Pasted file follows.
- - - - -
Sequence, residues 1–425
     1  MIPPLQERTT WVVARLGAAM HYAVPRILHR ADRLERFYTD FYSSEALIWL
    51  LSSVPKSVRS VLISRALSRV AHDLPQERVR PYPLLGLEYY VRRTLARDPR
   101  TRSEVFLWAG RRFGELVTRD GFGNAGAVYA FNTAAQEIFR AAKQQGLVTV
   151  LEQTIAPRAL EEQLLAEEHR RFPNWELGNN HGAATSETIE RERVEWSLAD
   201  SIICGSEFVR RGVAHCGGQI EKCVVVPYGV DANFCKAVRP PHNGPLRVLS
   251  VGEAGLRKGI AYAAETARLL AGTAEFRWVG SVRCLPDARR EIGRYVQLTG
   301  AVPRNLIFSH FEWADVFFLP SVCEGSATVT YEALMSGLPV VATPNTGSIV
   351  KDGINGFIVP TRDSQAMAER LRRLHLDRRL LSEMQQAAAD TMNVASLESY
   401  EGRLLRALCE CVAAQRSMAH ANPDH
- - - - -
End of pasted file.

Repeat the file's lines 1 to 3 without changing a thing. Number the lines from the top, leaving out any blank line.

Sequence, residues 1–425
     1  MIPPLQERTT WVVARLGAAM HYAVPRILHR ADRLERFYTD FYSSEALIWL
    51  LSSVPKSVRS VLISRALSRV AHDLPQERVR PYPLLGLEYY VRRTLARDPR